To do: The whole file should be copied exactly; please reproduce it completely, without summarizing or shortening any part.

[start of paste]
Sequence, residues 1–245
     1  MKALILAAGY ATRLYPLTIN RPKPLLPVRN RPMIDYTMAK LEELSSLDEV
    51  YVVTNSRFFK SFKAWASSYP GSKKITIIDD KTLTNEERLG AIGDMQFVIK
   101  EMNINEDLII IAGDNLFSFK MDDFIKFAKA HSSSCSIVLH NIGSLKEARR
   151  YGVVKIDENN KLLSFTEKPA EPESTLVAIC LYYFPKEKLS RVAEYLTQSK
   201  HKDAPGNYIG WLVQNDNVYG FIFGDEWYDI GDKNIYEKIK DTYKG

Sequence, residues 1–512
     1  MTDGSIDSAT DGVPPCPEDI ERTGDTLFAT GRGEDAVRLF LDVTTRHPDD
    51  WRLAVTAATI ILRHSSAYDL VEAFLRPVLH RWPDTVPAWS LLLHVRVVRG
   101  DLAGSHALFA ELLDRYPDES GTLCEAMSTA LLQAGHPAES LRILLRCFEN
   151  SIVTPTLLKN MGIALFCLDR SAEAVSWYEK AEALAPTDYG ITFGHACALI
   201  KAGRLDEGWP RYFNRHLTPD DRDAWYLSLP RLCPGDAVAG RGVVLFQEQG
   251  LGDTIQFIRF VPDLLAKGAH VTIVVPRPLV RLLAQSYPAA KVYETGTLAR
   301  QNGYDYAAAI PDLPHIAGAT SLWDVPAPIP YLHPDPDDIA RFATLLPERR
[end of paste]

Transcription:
Sequence, residues 1–245
     1  MKALILAAGY ATRLYPLTIN RPKPLLPVRN RPMIDYTMAK LEELSSLDEV
    51  YVVTNSRFFK SFKAWASSYP GSKKITIIDD KTLTNEERLG AIGDMQFVIK
   101  EMNINEDLII IAGDNLFSFK MDDFIKFAKA HSSSCSIVLH NIGSLKEARR
   151  YGVVKIDENN KLLSFTEKPA EPESTLVAIC LYYFPKEKLS RVAEYLTQSK
   201  HKDAPGNYIG WLVQNDNVYG FIFGDEWYDI GDKNIYEKIK DTYKG

Sequence, residues 1–512
     1  MTDGSIDSAT DGVPPCPEDI ERTGDTLFAT GRGEDAVRLF LDVTTRHPDD
    51  WRLAVTAATI ILRHSSAYDL VEAFLRPVLH RWPDTVPAWS LLLHVRVVRG
   101  DLAGSHALFA ELLDRYPDES GTLCEAMSTA LLQAGHPAES LRILLRCFEN
   151  SIVTPTLLKN MGIALFCLDR SAEAVSWYEK AEALAPTDYG ITFGHACALI
   201  KAGRLDEGWP RYFNRHLTPD DRDAWYLSLP RLCPGDAVAG RGVVLFQEQG
   251  LGDTIQFIRF VPDLLAKGAH VTIVVPRPLV RLLAQSYPAA KVYETGTLAR
   301  QNGYDYAAAI PDLPHIAGAT SLWDVPAPIP YLHPDPDDIA RFATLLPERR